Limits on dispensing and sales of prescription and over-the-counter medicines

In order to ensure equitable access to medicines for all Australians, the Pharmacy Guild of Australia and the Pharmaceutical Society of Australia, in consultation with the Department of Health, are requiring community pharmacists to enforce limits on dispensing and sales of prescription and over-the-counter medicines. This measure is also supported by the National Pharmaceutical Services Association, representing pharmaceutical wholesalers.

It is critical to protect the access of medicines for Australians. Pharmacists should continue to limit the supply of specific prescription only and over-the-counter (OTC) medicines listed on the TGA website to:

  • Dispensing only one prescription at a time
  • Selling only one OTC unit at a time

In addition and subject to professional discretion, pharmacists should continue to limit dispensing and OTC sales of all other medicines to one months' supply or one unit.

Dispensing of multiple repeats is permitted only for valid Regulation 49 prescriptions, which must be used sparingly by PBS prescribers and only in exceptional circumstances in accordance with legislated criteria. If pharmacists have doubts about the appropriateness of a particular Regulation 49 prescription please discuss with the prescriber.

The TGA has also identified OTC medicines  where pharmacists have been requested to limit sales, including:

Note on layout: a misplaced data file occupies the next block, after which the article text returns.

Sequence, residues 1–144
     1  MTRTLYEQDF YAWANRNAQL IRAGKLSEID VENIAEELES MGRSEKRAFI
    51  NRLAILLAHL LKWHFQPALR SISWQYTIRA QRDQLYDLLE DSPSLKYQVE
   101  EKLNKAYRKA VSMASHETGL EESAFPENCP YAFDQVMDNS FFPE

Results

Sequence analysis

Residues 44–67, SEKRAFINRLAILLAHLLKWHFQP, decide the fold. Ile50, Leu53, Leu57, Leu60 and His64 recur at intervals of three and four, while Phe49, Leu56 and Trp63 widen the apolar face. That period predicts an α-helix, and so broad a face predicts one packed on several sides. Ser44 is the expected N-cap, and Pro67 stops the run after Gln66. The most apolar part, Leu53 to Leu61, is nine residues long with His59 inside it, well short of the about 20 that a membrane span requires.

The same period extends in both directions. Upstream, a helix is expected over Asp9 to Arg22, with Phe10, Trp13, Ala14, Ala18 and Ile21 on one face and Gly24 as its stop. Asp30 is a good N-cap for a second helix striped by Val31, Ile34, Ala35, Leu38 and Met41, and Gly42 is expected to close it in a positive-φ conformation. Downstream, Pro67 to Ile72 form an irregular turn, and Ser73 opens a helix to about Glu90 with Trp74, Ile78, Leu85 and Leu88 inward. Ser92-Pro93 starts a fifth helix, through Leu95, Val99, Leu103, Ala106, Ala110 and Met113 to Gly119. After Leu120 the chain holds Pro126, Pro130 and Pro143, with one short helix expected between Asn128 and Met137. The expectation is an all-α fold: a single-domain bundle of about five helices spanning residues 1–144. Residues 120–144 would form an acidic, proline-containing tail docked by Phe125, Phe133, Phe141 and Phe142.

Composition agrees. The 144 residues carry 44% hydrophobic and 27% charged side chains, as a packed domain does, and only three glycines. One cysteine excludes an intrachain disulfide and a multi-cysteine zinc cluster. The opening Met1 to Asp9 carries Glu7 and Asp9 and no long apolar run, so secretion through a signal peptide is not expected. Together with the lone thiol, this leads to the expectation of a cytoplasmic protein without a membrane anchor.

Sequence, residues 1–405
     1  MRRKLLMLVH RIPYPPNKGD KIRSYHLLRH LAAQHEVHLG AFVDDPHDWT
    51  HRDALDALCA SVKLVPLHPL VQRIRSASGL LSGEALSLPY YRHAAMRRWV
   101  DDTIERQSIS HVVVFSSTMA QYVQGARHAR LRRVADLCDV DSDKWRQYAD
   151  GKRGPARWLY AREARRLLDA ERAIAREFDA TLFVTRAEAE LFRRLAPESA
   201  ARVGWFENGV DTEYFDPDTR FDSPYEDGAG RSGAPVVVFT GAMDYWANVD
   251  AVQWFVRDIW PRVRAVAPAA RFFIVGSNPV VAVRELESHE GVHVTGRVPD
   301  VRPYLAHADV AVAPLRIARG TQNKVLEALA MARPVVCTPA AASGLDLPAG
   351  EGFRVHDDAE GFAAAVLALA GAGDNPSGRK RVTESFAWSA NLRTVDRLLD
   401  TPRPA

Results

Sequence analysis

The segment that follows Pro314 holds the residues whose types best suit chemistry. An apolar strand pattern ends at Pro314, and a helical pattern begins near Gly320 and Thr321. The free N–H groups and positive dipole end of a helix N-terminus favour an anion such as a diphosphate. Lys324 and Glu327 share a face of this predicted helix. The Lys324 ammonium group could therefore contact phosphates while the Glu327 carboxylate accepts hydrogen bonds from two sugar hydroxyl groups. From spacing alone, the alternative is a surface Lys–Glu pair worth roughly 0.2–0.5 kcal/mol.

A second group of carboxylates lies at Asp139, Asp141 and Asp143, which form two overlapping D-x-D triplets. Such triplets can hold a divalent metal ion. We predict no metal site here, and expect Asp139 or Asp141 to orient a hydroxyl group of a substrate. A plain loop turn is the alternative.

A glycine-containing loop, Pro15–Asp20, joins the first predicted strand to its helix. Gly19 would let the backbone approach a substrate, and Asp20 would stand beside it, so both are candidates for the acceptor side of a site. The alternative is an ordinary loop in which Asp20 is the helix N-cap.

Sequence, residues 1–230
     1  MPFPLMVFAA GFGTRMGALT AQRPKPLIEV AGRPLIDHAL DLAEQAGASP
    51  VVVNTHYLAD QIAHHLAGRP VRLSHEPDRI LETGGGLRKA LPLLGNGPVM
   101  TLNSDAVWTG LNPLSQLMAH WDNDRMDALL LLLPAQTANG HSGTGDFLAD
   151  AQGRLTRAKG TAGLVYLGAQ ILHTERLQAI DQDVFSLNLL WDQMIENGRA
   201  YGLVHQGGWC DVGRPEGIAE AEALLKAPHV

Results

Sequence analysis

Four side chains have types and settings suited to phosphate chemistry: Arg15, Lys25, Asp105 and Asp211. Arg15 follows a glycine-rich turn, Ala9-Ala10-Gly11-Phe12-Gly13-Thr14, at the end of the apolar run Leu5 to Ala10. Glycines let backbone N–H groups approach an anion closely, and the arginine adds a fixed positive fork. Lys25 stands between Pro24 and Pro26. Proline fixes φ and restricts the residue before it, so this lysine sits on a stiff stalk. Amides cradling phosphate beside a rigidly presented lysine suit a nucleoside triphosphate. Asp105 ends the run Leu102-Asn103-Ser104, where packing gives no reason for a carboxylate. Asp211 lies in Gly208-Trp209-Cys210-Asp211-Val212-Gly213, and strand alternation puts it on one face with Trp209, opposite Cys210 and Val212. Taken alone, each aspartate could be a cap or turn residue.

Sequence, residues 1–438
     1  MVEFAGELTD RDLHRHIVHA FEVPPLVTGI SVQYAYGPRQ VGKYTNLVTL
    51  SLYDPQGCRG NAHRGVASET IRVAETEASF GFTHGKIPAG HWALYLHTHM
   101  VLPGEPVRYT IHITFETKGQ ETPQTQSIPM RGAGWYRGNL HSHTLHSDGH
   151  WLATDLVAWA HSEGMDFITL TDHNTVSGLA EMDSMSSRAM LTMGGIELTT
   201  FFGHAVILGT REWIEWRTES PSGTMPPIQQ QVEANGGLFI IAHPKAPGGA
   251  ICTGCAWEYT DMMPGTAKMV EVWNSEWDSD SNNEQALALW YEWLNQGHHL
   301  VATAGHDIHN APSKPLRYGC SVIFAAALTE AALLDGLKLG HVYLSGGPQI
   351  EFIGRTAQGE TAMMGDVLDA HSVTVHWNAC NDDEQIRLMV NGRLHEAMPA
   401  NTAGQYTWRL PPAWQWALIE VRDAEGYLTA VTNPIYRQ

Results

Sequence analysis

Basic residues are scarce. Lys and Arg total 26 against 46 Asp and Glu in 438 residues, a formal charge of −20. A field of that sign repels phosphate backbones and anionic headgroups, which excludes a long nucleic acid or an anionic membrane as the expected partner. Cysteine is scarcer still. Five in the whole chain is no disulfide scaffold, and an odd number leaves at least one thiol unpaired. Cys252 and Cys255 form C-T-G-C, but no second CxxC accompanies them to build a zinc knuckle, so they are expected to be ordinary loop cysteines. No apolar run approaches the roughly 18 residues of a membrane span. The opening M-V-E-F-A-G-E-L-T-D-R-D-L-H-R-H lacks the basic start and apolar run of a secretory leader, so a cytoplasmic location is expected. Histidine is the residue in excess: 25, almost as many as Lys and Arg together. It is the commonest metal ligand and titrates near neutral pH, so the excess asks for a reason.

• Salbutamol inhalers
  • Adrenaline auto-injectors
  • Emergency contraceptives
  • Naloxone
  • Analgesics

Note that the Schedule 3 listing for salbutamol inhalers changed in 2020 and is limited to one pack per person being treated:

  • for the relief of bronchospasm in patients with asthma or chronic obstructive pulmonary disease, and for acute prophylaxis against exercise-induced asthma and other stimuli known to induce bronchospasm; or
  • for the treatment of a person with a record of previous supply from a pharmacy; or
  • to persons authorised under a law of a State or Territory to use or supply salbutamol in the practice of their profession; or
  • for use in institutional first aid

Pharmacists are encouraged to record supply so that people requiring salbutamol inhalers have record of supply.

The Pharmacy Guild is a member of the TGA’s medicine shortages working party which continues to monitor, assess and manage any medicine supply issues. This can include working with the TGA and Department of Health to limit orders from wholesalers to ensure equitable distribution of stock, including to regional and rural pharmacies.

Supply of OTC and prescription medicine quantities that are not clinically required for an individual may be illegal under State and Territory law and contravene Pharmacy Board Professional Practice guidelines.

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